The Lausanne Covenant is the product of a gathering of Christian leaders in Lausanne, Switzerland, in July 1974, to discuss issues related to missions. Participants from 150 nations gathered to hear from Billy Graham, John Stott, Francis Schaeffer, Ralph Winter, Carl Henry, and others at the first International Congress on World Evangelization. The purpose of congress was “to re-frame Christian mission in a world of political, economic, intellectual, and religious upheaval” (from the official website). The Lausanne Covenant has exerted a broad influence on missions and evangelicalism.
Since its founding in 1974, the Lausanne Movement has held global conferences in 1989 and 2010, as well as many regional meetings and youth gatherings. The purpose of the Lausanne Movement is to further the global Christian mission. Their vision is “the gospel for every person, an evangelical church for every people, Christ-like leaders for every church, and kingdom impact in every sphere of society” (from their website). The Lausanne Covenant, the foundational statement of the Lausanne Movement, details the motive, basis, nature, and urgency of world evangelism. For this reason the Lausanne Covenant is often viewed as an encapsulation of the beliefs of modern evangelicalism. Other documents to emerge from the Lausanne Movement include the Manilla Manifesto (1989) and the Cape Town Commitment (2010).
The Lausanne Covenant, written primarily by John Stott, has included and prioritized many essential teachings on evangelism. It is a “covenant” in that it binds the signatories in a promise to God and to fellow believers. The Lausanne Covenant lays out fifteen specific categories of belief: the purpose of God, the authority and power of the Bible, the uniqueness and universality of Christ, the nature of evangelism, Christian social responsibility, the church and evangelism, cooperation in evangelism, churches in evangelistic partnership, the urgency of the evangelistic task, evangelism and culture, education and leadership, spiritual conflict, freedom and persecution, the power of the Holy Spirit, and the return of Christ. The resulting doctrinal covenants are biblical and well thought out. They are orthodox and help define the Christian mission given by Christ to fulfill the church’s purpose. The Lausanne Covenant affirms that only through faith in Jesus Christ may a person be saved. It affirms social responsibility to help the oppressed yet states that social efforts cannot substitute for the preaching of the gospel to every person.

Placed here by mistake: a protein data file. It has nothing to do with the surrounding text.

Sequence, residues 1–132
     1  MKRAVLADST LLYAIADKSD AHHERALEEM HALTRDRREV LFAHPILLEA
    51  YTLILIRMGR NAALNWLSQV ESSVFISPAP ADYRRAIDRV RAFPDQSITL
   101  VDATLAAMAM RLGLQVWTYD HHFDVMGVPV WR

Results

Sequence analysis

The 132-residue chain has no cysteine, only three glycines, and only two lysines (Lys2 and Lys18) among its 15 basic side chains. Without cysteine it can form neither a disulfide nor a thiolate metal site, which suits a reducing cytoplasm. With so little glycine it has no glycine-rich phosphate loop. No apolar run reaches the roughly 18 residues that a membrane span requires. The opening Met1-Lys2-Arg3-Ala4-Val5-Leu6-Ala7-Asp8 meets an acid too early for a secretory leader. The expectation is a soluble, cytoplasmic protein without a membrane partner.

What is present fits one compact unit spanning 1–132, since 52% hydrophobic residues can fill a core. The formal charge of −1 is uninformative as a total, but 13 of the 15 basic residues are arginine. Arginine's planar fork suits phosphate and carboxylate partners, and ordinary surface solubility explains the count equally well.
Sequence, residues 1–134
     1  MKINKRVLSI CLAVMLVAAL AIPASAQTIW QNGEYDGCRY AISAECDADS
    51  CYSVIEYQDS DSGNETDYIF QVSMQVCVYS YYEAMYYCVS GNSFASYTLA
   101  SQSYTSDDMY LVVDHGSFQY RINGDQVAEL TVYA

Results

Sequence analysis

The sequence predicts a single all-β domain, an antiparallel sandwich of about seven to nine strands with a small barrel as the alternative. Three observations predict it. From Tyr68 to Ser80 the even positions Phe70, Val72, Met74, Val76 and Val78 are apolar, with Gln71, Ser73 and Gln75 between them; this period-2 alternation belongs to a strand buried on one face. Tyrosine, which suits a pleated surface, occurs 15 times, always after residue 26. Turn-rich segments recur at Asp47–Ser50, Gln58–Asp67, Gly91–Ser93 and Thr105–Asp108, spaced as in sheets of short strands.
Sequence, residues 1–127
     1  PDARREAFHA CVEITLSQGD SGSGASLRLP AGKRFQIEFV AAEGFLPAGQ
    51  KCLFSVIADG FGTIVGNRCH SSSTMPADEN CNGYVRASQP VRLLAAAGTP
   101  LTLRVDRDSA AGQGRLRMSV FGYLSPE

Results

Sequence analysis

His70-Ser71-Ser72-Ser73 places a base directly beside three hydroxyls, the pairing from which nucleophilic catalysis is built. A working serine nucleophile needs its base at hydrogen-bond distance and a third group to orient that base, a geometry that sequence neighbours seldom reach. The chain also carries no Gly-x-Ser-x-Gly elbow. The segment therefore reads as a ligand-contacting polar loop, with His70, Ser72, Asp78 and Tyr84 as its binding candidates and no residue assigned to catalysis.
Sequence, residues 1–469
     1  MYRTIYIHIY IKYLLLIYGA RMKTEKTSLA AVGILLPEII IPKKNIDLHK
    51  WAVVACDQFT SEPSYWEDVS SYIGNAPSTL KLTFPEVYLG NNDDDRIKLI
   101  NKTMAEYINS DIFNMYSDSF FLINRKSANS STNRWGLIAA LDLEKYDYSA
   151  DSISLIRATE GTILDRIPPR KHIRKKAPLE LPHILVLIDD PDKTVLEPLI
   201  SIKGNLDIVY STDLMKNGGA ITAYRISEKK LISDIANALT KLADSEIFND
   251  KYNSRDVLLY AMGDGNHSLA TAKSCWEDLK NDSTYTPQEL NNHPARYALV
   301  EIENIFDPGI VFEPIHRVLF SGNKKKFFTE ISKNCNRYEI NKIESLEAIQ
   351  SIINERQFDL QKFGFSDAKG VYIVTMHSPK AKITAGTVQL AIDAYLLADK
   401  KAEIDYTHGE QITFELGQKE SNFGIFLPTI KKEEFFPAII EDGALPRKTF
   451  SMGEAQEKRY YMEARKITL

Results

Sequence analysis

The Lausanne Movement emphasizes the need to contextualize the gospel. The faithful evangelical church should tenaciously fulfill the mandate of evangelism (Matthew 28:18–20). It should simultaneously be flexible in adapting its methods to various cultures. The apostle Paul changed his approach—not his message—to various cities and regions he visited on his missionary journeys. “I have become all things to all people so that by all possible means I might save some” (1 Corinthians 9:22).
At times, the church has struggled to maintain a balance between pure evangelism and social action. Some people viewed the presentation of the gospel as all that was necessary, ignoring physical needs; others focused on the “social gospel,” striving to feed and clothe the populace but failing to mention the need for Christ. The Lausanne Covenant presents evangelism and social action as necessary and contingent upon each other: “We affirm that evangelism and socio-political involvement are both part of our Christian duty. . . . The salvation we claim should be transforming us in the totality of our personal and social responsibilities. Faith without works is dead” (The Lausanne Covenant, part 5).
The Lausanne Covenant is a call back to the Great Commission, offering a conservation of critical biblical values. In a time when church attendance is in decline, many are looking for other ways to fulfill the mandate of the church. This document, among others, sets an anchor to what the church’s biblical function is. In its evangelism, the church should address cultural change, be relevant, and remain true to the gospel.
The gospel is the power of God unto salvation (see Romans 1:16). In that the Lausanne Covenant stresses the importance of the gospel, challenges believers to cooperate in sharing the gospel, and acknowledges the need for every person to be born again through faith in Christ, it is a good and helpful document. Like any doctrinal statement, of course, the Lausanne Covenant is man-made and only reflects imperfectly what God has perfectly encapsulated in Scripture.